Macroautophagy (hereafter referred to as autophagy) is a homeostatic process that preserves cellular integrity. In mice, autophagy regulates pancreatic ductal adenocarcinoma (PDAC) development in a manner dependent on the status of the tumor suppressor gene Trp53. Studies published so far have investigated the impact of autophagy blockage in tumors arising from Trp53-hemizygous or -homozygous tissue. In contrast, in human PDACs the tumor suppressor gene TP53 is mutated rather than allelically lost, and TP53 mutants retain pathobiological functions that differ from complete allelic loss. In order to better represent the patient situation, we have investigated PDAC development in a well-characterized genetically engineered mouse model (GEMM) of PDAC with mutant Trp53 (Trp53 R172H ) and deletion of the essential autophagy gene Atg7. Autophagy blockage reduced PDAC incidence but had no impact on survival time in the subset of animals that formed a tumor. In the absence of Atg7, non-tumor-bearing mice reached a similar age as animals with malignant disease. However, the architecture of autophagy-deficient, tumor-free pancreata was effaced, normal acinar tissue was largely replaced with low-grade pancreatic intraepithelial neoplasias (PanINs) and insulin expressing islet β-cells were reduced. Our data add further complexity to the interplay between Atg7 inhibition and Trp53 status in tumorigenesis.
    Keywords:  ATG7; autophagy; metastasis; p53; pancreatic cancer
  42. Aging Cell. 2022 Apr 07. e13604
      Methionine restriction (MetR) can extend lifespan and delay the onset of aging-associated pathologies in most model organisms. Previously, we showed that supplementation with the metabolite S-adenosyl-L-homocysteine (SAH) extends lifespan and activates the energy sensor AMP-activated protein kinase (AMPK) in the budding yeast Saccharomyces cerevisiae. However, the mechanism involved and whether SAH can extend metazoan lifespan have remained unknown. Here, we show that SAH supplementation reduces Met levels and recapitulates many physiological and molecular effects of MetR. In yeast, SAH supplementation leads to inhibition of the target of rapamycin complex 1 (TORC1) and activation of autophagy. Furthermore, in Caenorhabditis elegans SAH treatment extends lifespan by activating AMPK and providing benefits of MetR. Therefore, we propose that SAH can be used as an intervention to lower intracellular Met and confer benefits of MetR.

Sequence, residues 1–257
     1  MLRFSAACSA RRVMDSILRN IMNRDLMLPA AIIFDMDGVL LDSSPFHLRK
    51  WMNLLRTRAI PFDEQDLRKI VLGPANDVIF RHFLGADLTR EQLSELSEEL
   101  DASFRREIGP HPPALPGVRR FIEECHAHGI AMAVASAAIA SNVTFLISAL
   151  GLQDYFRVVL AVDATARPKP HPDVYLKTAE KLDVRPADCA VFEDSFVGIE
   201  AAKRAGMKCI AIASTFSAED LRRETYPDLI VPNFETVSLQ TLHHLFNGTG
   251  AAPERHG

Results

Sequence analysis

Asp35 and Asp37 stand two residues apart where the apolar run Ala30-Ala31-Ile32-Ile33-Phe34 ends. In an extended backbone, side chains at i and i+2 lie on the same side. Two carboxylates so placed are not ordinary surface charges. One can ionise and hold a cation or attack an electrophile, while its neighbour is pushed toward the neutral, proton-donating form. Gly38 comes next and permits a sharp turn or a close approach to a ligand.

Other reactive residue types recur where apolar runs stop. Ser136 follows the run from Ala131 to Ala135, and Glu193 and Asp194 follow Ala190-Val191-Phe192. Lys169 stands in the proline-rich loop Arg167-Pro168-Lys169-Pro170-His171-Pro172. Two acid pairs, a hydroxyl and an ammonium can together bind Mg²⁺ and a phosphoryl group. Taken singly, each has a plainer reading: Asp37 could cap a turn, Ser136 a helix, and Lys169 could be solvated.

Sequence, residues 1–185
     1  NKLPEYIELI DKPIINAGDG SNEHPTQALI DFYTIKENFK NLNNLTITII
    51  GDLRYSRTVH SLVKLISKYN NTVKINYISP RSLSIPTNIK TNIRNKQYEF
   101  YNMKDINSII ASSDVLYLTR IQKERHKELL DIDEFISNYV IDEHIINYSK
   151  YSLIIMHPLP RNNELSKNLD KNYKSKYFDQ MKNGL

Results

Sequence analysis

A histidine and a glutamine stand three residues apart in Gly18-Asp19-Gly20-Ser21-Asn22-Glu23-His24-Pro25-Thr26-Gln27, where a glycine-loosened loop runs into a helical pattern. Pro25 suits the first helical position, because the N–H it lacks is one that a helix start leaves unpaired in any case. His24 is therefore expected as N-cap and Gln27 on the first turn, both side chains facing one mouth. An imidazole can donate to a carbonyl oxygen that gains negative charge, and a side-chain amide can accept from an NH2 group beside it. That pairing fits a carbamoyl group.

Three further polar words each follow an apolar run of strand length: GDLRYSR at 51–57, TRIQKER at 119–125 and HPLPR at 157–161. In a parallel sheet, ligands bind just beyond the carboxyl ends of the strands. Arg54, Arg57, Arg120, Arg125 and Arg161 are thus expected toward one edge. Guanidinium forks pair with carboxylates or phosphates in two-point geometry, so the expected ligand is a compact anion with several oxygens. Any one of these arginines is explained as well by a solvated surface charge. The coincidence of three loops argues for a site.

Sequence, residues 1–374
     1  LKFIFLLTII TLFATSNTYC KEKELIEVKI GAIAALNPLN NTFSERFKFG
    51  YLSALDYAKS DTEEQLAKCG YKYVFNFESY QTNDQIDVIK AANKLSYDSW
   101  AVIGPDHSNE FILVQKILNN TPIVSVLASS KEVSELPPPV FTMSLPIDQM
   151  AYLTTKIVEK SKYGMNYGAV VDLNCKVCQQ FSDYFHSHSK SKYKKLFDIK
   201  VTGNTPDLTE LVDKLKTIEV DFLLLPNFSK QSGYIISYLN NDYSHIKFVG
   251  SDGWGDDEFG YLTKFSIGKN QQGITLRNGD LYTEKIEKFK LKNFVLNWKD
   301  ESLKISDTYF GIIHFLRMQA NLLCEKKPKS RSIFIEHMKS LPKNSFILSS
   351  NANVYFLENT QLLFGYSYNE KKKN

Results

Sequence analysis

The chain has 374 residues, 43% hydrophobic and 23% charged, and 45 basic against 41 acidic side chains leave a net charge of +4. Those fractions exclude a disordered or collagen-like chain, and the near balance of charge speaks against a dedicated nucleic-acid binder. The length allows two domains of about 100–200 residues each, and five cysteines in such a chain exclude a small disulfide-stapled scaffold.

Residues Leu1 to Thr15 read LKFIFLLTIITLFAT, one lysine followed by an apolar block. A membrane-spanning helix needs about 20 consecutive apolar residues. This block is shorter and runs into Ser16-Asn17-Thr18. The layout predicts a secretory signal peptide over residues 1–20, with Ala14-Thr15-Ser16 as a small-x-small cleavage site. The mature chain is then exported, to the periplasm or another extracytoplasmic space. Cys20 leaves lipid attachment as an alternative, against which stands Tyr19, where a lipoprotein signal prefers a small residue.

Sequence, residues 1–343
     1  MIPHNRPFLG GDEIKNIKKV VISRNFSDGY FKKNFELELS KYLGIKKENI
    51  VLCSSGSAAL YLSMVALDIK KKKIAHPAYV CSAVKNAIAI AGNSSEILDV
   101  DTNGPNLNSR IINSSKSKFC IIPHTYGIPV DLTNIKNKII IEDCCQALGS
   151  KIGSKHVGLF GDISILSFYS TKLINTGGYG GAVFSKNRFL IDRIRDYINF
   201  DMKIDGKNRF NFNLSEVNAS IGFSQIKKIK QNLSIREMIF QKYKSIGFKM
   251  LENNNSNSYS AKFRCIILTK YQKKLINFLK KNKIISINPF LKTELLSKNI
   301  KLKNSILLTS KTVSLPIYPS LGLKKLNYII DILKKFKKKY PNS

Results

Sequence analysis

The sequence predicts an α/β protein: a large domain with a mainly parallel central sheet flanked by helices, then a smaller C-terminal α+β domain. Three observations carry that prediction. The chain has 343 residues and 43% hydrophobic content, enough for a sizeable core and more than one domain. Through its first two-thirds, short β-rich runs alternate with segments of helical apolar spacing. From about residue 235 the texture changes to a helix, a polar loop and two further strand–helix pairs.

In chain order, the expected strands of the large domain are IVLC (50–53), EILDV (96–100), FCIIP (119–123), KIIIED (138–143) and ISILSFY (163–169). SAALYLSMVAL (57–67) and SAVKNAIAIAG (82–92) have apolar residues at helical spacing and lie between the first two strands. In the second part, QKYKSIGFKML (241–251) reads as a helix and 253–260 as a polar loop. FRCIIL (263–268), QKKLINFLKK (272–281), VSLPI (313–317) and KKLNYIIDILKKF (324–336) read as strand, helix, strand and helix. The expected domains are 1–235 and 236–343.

Keywords:   Caenorhabditis elegans ; Saccharomyces cerevisiae ; S-adenosyl-L-homocysteine (SAH); S-adenosyl-L-methionine (SAM); methionine restriction (MetR)
  43. Kidney360. 2020 Nov 25. 1(11): 1319-1327
      The mammalian target of rapamycin (mTOR), a serine/threonine protein kinase, is crucial in regulating cell growth, metabolism, proliferation, and survival. Under physiologic conditions, mTOR signaling maintains podocyte and tubular cell homeostasis. In AKI, activation of mTOR signaling in tubular cells and interstitial fibroblasts promotes renal regeneration and repair. However, constitutive activation of mTOR signaling in kidneys results in the initiation and progression of glomerular hypertrophy, interstitial fibrosis, polycystic kidney disease, and renal cell carcinoma. Here, we summarize the recent studies about mTOR signaling in renal physiology and injury, and discuss the possibility of its use as a therapeutic target for kidney diseases.
    Keywords:  TOR serine-threonine kinases; acute kidney injury; acute kidney injury and ICU nephrology; glomerular hypertrophy; kidney fibrosis; mTOR; polycystic kidney disease; renal cell carcinoma
  44. Oxid Med Cell Longev. 2022 ;2022 5851315
      Oxidative stress and diminished autophagy in the retinal pigment epithelium (RPE) play crucial roles in the pathogenesis of age-related macular degeneration (AMD). Enhancing autophagy has recently been identified as an important strategy to protect RPE cells from oxidative damage. Ming-Mu-Di-Huang-Pill (MMDH pill) is a traditional herbal medicine used to treat AMD, and its molecular mechanism is not well understood. The aim of the present study was to investigate whether the MMDH pill relieved acute oxidative damage by activating autophagy in an in vitro and in vivo model of sodium iodate (NaIO3). The results showed that NaIO3 induced cell death and inhibited proliferation. The MMDH pill increased cell viability, restored the activities of antioxidant enzymes, and reduced reactive oxygen species (ROS) fluorescence intensity. The MMDH pill mediated Kelch-like ECH-associated protein 1 (Keap1) degradation and decreased oxidative damage, which was blocked in autophagy inhibitor (chloroquine) or sequestosome-1 (SQSTM1) siRNA-treated RPE cells. Furthermore, we indicated that the MMDH pill could promote adenosine monophosphate-activated protein kinase (AMPK) phosphorylation and autophagy adaptor-SQSTM1 expression, which could stimulate autophagic degradation of Keap1. In addition, the MMDH pill increased nuclear factor (erythroid-derived 2)-like 2 (Nrf2) nuclear translocation in a SQSTM1-dependent manner and induced the expression of the downstream antioxidant factors heme oxygenase-1 (HO-1) and nicotinamide adenine dinucleotide phosphate quinone dehydrogenase 1 (NQO1). In conclusion, MMDH pill plays a protective role in relieving NaIO3-induced oxidative stress by activating the AMPK/SQSTM1/Keap1 pathway. The MMDH pill may be useful to treat AMD by maintaining redox homeostasis and autophagy.